“A worried mother does better research than the FBI.”
Well, what happens when this same worried mother applies to be a FBI special agent?
Where have I been?
As my readers may know, I took a seven month hiatus from writing, @stayinbedmomblog Instagramming, and everything short of parenting. And what did I do during this time? I applied to be a FBI special agent!
It all started when I was contemplating going back to work and searched for high school English teacher positions. I came across the FBI special agent job post calling all educators: “Experience in education can easily translate to a Special Agent career, where you’ll enhance your team’s understanding of threats, vulnerabilities and gaps by investigating matters and building relationships with communities and individuals from all walks of life. You’ll use your gift for simplifying complex material to tackle some of society’s toughest challenges.”
When I read this, I was tickled, hair on my arm standing up inspired (cue The Script’s “Hall of Fame”). The FBI was seeking experts from all educational disciplines and backgrounds to create a multidisciplinary team. Could I dare join this elite team? Was I ballsy enough for a career change to the FBI? I waited over a year to apply and, when I finally did, it ended up being life-changing.
The Special Agent Selection System (SASS) often takes at least a year to complete. and I have nothing but respect for the difficult and demanding process. My grueling journey to become “special” lasted about nine months. I applied as an angsty 35-year-old and ending up aging out as a grateful 36-year-old – roughly making it halfway through the ten step application process. (Applicants must be between 23 and 36 years old and enter on duty the day before their 37th birthday.)
If you’re looking for a how to article, read no further. As a former FBI special agent applicant, you’re asked not to discuss the process as it would be unfair to past, present, and future applicants. Instead my piece is an attempt to answer why I would undertake such an endeavor.
Why would a stay-at-home mom with no military, law enforcement, or relevant background apply to be a FBI special agent?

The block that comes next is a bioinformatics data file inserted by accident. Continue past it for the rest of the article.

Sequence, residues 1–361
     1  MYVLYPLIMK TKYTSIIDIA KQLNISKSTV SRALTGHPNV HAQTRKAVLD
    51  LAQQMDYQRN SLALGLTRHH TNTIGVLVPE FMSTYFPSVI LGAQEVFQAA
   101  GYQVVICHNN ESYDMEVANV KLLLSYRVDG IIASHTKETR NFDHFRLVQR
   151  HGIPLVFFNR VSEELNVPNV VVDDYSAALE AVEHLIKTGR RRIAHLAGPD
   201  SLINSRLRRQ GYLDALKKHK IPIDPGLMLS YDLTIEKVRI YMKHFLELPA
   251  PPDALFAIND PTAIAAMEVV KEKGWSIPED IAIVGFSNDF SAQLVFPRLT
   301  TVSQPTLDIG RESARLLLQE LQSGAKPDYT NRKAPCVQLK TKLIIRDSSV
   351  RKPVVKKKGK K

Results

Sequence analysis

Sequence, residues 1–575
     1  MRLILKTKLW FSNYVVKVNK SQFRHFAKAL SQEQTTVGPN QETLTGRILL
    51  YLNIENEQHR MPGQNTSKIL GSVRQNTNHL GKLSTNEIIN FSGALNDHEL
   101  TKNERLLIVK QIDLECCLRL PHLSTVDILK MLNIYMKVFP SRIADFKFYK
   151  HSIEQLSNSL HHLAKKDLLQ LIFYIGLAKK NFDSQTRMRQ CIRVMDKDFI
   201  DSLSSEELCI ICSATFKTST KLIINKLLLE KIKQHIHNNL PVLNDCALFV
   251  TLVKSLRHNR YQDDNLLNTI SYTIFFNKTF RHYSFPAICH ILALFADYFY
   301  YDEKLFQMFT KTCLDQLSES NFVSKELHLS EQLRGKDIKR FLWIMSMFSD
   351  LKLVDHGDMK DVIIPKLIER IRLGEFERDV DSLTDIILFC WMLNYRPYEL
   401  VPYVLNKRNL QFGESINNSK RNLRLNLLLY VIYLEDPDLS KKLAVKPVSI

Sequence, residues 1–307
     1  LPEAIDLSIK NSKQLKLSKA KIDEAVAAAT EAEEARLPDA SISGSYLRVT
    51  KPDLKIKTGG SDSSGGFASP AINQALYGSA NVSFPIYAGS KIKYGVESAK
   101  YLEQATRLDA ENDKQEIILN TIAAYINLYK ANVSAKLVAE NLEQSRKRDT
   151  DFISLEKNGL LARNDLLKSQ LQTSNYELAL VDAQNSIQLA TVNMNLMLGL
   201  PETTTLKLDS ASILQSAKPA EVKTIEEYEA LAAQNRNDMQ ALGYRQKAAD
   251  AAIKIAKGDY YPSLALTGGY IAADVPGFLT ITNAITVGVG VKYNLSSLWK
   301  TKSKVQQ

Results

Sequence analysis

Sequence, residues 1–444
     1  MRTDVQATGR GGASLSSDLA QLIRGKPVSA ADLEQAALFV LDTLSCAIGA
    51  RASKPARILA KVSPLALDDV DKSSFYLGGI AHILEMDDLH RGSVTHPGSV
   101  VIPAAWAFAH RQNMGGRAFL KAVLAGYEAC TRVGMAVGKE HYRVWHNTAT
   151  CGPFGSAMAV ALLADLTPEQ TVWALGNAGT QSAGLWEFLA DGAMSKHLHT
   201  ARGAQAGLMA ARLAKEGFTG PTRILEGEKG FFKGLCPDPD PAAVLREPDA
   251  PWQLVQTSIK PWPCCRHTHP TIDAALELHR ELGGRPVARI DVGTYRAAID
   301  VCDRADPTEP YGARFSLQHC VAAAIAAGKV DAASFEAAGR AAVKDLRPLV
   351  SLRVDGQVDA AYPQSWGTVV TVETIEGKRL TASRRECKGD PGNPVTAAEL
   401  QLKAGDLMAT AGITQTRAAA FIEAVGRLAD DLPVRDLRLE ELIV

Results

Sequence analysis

She believed she could, so she did.
That’s the short answer.
And now for the long answers:
- I was trying to prove something to myself, my husband, and my kids – a dare.
- I was looking to go back to work, maybe even changing my career.
- I was piqued by just one more episode binges of X-Files and Criminal Minds on my preferred TV streaming service.
- I was doing it for the cake, you know the one with the FBI Academy seal – the big slice of cake at Agent Clarice Starling’s graduation ceremony in The Silence of the Lambs. (Uh yeah, I have a screenshot of it saved to my phone and an unhealthy, lifelong relationship with mounds of desserts.)
- I was looking for a mind-body challenge.
Why It’s Crazy (at a first glance)
1. I’m a high school English teacher by trade, for crying out loud.
I’m a sit-behind-a-book type not a kick-down-a-door type. I’d have to be willing and able to participate in arrests, execute search warrants, raids, and similar assignments. That’s a far cry from writing detentions, sending kids to the principal’s office, or calling home to parents. Not to mention I’d have to carry a firearm and use it if necessary!
2. I’m spatially challenged and would most likely do surveillance on the wrong address.
I wish I were kidding. And what about the challenges of navigating in an unknown domestic or foreign city, doing so while under stress, and quite possibly without the aid of GPS.
3. I can barely handle my Ford Explorer.
Tactical driving would be a challenge to say the least.
4. In 2018 I didn’t go to the gym five times.
In 2019, during my application process, I had to go to the gym at least five times A WEEK. How was I going to sustain my efforts?
5. I chose teaching in part due to the flexible hours and healthy work-life balance.
How would I work a minimum 50-hour workweek – involving odd hours, being on call 24/7 including holidays and weekends – with young children in tow? I would have to do all this while managing the schedule of a spouse who travels most weeks for work. And what if I actually became an agent. I would be putting my family through a stressful and dangerous life of moving (possibly at a moment’s notice) and long and unpredictable hours.
Why It Wasn’t So Crazy (for me)
1. It took me places I never thought I’d go.
I may not have made it all the way to Quantico, but I still went to some splendid places I’ve never really been – like the gym and the local high school track! I went to places outside my stay-in-bed comfort zone. Throughout the process, I had a persistent feeling of discomfort – even occasional bouts of nausea. But I didn’t shy away from this feeling because I believe disequilibrium is a positive force that can open you to change. Without a feeling of befuddlement, I don’t think a person can undergo real growth or change. As a former teacher, I’ve reflected many times on Plato’s metaphor of the stingray in Meno that the role of a teacher is to numb and the students to be numbed. I remember sitting in the FBI Meet and Greet interview room (the fourth step in the FBI special application process), thinking what the f*ck am I even doing here? I was stung and numbed.